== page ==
Smoothened, Stem Cell Maintenance and Brain Diseases

  • Martial RuatEmail author
  • Hélène Faure
  • Mathieu Daynac
Part of the Topics in Medicinal Chemistry book series (TMC, volume 16)


The Smoothened (Smo) receptor is a key transducer of the Sonic Hedgehog (Shh) signaling pathway in the brain. Recent studies in rodents have highlighted its major role in the maintenance of neural stem and progenitor cells in the two main neurogenic niches of the adult brain: the subventricular zone of the lateral ventricles and the subgranular zone of the dentate gyrus in the hippocampus. Smo may also regulate brain responses to various injuries, and its modulation in the primary cilia of brain cells is essential for regulating Shh signals. Recent clinical trials have underlined the therapeutic value of some Smo antagonists for the treatment of Hedgehog-linked medulloblastomas. Here, we review recent findings on the roles of Smo in the adult brain, and unravel research on the clinical implications for the treatment of brain diseases, that are increasingly under investigation.


Astrocytes Clinical trials Hedgehog Medulloblastoma Patched 



Activated neural stem cell


Alzheimer’s disease


Amyloid precursor protein


Central nervous system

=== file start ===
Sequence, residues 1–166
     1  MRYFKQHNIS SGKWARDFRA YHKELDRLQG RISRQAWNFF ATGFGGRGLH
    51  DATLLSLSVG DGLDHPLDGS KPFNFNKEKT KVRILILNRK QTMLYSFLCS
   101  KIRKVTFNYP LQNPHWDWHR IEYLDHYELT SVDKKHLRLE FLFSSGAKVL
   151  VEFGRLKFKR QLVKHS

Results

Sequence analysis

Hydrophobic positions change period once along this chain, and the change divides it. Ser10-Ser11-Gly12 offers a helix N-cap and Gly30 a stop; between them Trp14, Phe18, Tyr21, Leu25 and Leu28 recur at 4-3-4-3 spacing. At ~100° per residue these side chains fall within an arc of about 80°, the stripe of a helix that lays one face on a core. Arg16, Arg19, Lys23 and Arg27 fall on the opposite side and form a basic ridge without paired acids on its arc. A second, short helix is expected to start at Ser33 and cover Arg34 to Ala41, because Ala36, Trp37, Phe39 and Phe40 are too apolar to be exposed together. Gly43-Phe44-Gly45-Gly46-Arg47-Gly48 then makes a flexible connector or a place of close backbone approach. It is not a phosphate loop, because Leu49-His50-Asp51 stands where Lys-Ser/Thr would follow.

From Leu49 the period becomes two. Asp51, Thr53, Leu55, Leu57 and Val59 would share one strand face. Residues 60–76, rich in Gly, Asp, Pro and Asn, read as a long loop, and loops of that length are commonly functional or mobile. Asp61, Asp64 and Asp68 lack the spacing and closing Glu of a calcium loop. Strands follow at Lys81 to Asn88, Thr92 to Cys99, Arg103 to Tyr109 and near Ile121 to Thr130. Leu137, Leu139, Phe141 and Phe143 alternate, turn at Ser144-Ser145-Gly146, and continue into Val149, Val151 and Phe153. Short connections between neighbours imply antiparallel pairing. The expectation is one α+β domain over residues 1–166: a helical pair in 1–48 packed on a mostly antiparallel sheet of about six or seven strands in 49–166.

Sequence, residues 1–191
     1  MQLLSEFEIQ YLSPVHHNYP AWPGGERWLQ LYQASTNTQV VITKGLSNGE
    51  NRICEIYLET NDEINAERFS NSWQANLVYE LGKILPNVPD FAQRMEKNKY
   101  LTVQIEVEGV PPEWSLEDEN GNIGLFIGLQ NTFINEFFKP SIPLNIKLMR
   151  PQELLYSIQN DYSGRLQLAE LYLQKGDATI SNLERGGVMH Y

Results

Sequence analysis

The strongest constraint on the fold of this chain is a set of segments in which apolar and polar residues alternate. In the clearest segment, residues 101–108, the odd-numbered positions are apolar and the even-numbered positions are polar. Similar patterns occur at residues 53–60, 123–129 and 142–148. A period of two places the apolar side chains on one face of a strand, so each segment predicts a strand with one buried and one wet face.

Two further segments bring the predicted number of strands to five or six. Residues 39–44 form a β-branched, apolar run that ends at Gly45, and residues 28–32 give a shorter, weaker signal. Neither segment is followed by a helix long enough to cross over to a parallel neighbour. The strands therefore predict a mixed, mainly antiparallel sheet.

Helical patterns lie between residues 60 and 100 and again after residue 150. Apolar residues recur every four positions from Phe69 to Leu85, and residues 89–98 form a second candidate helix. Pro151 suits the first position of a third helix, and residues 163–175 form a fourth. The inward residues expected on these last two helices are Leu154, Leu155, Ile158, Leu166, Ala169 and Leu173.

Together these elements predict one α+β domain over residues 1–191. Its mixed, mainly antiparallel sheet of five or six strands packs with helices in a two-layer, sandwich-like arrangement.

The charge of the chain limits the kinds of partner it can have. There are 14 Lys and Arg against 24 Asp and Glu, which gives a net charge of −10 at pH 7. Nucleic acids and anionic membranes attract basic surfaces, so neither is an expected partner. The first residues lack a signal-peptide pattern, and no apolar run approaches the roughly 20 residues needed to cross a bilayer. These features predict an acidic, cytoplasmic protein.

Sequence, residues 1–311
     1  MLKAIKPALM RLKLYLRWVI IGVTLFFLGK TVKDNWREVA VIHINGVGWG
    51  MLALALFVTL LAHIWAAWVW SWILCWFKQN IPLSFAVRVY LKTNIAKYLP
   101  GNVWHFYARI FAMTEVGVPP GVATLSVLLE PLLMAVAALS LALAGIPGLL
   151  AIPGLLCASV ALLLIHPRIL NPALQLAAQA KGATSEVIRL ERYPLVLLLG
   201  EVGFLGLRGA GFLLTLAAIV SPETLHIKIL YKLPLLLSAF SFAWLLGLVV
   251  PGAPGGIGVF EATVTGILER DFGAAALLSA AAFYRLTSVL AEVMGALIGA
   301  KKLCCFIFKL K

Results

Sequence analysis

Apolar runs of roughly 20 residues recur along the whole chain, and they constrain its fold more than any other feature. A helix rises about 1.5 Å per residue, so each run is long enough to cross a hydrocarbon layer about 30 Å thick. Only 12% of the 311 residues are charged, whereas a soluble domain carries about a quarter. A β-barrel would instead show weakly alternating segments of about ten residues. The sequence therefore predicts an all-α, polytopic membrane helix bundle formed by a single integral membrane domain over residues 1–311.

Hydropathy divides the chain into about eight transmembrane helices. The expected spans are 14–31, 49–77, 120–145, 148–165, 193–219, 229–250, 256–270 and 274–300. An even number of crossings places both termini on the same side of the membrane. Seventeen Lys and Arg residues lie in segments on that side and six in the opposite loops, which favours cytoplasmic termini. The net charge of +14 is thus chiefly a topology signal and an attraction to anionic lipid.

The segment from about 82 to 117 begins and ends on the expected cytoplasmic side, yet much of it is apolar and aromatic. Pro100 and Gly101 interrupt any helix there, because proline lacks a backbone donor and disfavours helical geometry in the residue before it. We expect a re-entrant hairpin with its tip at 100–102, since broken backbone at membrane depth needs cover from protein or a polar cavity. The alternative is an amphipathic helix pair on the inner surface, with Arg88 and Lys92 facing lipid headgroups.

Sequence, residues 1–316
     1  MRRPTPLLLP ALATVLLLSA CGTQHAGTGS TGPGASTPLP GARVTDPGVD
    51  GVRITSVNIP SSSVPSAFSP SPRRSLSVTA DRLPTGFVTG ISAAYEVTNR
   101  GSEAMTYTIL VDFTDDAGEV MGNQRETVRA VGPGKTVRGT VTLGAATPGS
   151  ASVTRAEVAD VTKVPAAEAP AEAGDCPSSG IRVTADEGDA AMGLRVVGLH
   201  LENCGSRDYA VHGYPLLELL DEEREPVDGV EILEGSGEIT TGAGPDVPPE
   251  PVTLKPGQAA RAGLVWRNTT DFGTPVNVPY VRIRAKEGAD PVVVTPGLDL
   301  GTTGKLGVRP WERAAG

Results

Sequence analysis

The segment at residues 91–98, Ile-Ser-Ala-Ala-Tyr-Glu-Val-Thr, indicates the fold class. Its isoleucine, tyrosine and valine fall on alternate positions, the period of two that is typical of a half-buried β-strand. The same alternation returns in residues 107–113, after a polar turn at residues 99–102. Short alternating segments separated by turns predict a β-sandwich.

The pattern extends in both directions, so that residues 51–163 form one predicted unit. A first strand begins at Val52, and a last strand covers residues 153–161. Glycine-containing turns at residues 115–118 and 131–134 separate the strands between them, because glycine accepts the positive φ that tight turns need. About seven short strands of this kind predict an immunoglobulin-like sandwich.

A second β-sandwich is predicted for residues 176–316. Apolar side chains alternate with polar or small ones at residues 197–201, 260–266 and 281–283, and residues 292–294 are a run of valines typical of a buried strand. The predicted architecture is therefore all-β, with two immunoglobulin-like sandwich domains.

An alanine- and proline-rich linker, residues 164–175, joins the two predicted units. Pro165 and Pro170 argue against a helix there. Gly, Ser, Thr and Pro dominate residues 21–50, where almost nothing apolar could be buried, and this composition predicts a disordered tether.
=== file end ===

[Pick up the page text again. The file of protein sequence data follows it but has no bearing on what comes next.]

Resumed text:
Dentate Gyrus


Desert Hedgehog


Down syndrome


Epidermal growth factor receptor


Growth arrest-specific 1 protein


Granular cell layer


Cerebellar granule cell precursor


Glial cell line-derived neurotrophic factor


Glial fibrillary acidic protein


Astrocyte-specific glutamate transporter


G-protein-coupled receptor




Hedgehog-interacting protein


Indian Hedgehog


Joubert syndrome


Lysophosphatidyl choline


Lateral ventricle


Meckel syndrome


Neuron-glial antigen 2




Neural stem cell


Olfactory bulb




Oligodendrocyte precursor cell


Placental growth factor




Quiescent neural stem cell


Rostral migratory stream


Subgranular zone


Sonic Hedgehog


Aminoterminal fragment of Shh




Suppressor of fused


Subventricular zone


Transit-amplifying cell


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Copyright information

© Springer International Publishing Switzerland 2014

Authors and Affiliations

  1. 1.Molecules and Circuits Department, Signal Transduction and Developmental Neuropharmacology TeamNeuroPSI Institute, CNRS, UMR 9197Gif-sur-YvetteFrance

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